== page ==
Your generosity is immense. You give to house the homeless, to help kids learn, to preserve our environment, to experience the richness of the arts, to discover medical cures. Yet, unbelievably, there are current proposals on Capitol Hill that threaten support for the valuable work of charities. Recently,
I returned from visiting Washington, D.C., and the pressure to find revenue is building—on both sides of the aisle. As a result, we can expect to hear serious discussions about charitable giving as Congress prepares for tax reform that likely will take place after the upcoming presidential election. While people don’t give solely because of a tax deduction, the tax laws often do have a significant effect on the timing and amount of a charitable gifts. High-income earners give over half of all charitable donations.
Unfortunately, current discussions about capping the charitable deduction are targeted at these very people—those earning more than $200,000 a year. Experts estimate that such a cap could cause a nearly $6 billion decrease in charitable giving across the country each year. Furthermore, a few folks are even questioning whether or not institutions like health care systems, large universities and art museums should be allowed to operate as tax-exempt public charities. If some of the current
proposals become law, it is likely that some people will give less. Yet as resources decline, the services of many nonprofits will be needed even more. It’s hard to find the public benefit in policies that shift the role of addressing many of our communities’ needs away from private donors and puts it squarely back in the over-burdened government’s lap. Now is not the time to experiment with the tax laws that affect public charities. Instead, we need to do everything we can to encourage the American spirit of generously giving back.
President and CEO
Paraplegic Rugby player thanks CFT for a scholarship that has improved her life
After becoming a paraplegic due to neurological complications of Lyme disease, Emily Shryock refused to let her disability take away her zeal for life. She started playing rugby, which helped her gain a new sense of confidence and independence. She moved to Austin, Texas, when she was recruited by the Texas Stampede Wheelchair Rugby Team. She is the only woman on the team and only the second woman in the U.S. to ever make it to the national level in the sport.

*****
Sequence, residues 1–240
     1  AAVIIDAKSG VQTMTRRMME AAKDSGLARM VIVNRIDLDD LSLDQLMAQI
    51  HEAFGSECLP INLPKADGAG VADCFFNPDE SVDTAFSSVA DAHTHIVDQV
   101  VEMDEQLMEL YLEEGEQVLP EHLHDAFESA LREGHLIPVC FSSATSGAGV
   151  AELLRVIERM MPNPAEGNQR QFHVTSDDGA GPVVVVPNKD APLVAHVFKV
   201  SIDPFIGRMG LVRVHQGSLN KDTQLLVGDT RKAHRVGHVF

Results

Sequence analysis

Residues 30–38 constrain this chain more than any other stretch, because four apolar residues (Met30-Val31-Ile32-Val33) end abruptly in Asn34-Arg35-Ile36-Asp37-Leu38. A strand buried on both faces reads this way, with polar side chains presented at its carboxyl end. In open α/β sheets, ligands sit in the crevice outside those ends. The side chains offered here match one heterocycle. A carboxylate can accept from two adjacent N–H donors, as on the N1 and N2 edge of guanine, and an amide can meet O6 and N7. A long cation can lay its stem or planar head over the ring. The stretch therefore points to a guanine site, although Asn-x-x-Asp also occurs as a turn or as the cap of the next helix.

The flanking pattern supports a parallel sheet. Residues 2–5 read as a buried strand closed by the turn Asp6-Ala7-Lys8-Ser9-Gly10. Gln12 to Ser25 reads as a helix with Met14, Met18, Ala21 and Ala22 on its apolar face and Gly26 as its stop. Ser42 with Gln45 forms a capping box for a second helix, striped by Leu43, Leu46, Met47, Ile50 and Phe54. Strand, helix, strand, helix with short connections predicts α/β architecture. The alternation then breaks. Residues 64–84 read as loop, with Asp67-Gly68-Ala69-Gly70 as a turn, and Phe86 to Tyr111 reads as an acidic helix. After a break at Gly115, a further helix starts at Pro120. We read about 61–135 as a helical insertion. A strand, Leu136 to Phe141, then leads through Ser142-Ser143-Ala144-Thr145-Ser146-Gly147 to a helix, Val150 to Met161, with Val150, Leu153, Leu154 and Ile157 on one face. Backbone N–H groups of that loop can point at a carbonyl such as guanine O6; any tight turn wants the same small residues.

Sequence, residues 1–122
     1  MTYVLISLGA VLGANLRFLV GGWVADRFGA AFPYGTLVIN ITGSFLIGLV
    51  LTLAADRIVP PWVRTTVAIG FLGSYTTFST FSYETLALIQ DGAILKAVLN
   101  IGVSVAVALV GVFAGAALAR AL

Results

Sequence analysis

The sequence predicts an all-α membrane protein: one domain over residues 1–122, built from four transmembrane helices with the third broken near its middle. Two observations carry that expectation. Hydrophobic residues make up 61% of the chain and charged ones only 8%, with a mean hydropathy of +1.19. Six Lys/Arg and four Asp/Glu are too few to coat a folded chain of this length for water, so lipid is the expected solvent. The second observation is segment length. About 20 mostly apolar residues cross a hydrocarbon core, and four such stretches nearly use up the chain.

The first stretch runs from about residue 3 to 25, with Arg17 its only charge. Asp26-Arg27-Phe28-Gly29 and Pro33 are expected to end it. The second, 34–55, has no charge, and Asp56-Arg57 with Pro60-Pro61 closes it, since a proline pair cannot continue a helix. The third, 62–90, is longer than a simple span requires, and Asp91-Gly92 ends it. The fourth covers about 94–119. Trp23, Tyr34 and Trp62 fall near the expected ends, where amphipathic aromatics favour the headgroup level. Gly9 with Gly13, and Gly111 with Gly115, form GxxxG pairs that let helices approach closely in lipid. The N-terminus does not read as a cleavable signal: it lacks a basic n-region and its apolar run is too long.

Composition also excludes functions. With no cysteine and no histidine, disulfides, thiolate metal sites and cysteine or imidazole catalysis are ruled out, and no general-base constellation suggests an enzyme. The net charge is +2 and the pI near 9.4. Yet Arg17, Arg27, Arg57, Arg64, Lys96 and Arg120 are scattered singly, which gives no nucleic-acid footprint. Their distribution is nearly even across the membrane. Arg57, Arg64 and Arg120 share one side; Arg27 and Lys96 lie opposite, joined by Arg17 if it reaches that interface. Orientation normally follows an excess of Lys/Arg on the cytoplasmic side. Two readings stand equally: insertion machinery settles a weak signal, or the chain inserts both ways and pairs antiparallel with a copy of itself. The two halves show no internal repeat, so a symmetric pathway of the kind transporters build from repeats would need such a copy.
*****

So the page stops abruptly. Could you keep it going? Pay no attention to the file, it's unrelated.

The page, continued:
“I wanted to write and say how grateful I am to have been selected as a recipient of the Kristofer Robinson Scholarship. I just finished my first semester toward my Master of Science in Social Work degree at the University of Texas at Austin, and I plan to graduate in 2014. Attending grad school has many challenges, but thanks to the scholarship, financial l concerns relating to school will be one less obstacle in the path of my education. Having my MSSW will open the doors to many future opportunities and will allow me to be more effective in my work educating and advocating with and for people with disabilities.
Kristofer Robinson Scholarship recipient
The Kristofer Robinson Scholarship, which supports quadriplegic and paraplegic individuals in Texas, was established at CFT by Kristofer Robinson, who became a quadriplegic as the result of a car accident on I-635 in 2000.
Insights on Charitable Giving
May 8 Seminar Illuminated Election-year Tax Law Changes
“Charitable and estate planning laws are changing as new developments arise during an election year in Washington. This seminar proved valuable to me and other advisors as we integrate philanthropy into our financial and estate planning practices.”
—J. Richard Joyner, Tolleson Wealth Management
Speaker Jonathan Ackerman joked, “If the opposite of pro is con, is the opposite of progress Congress?”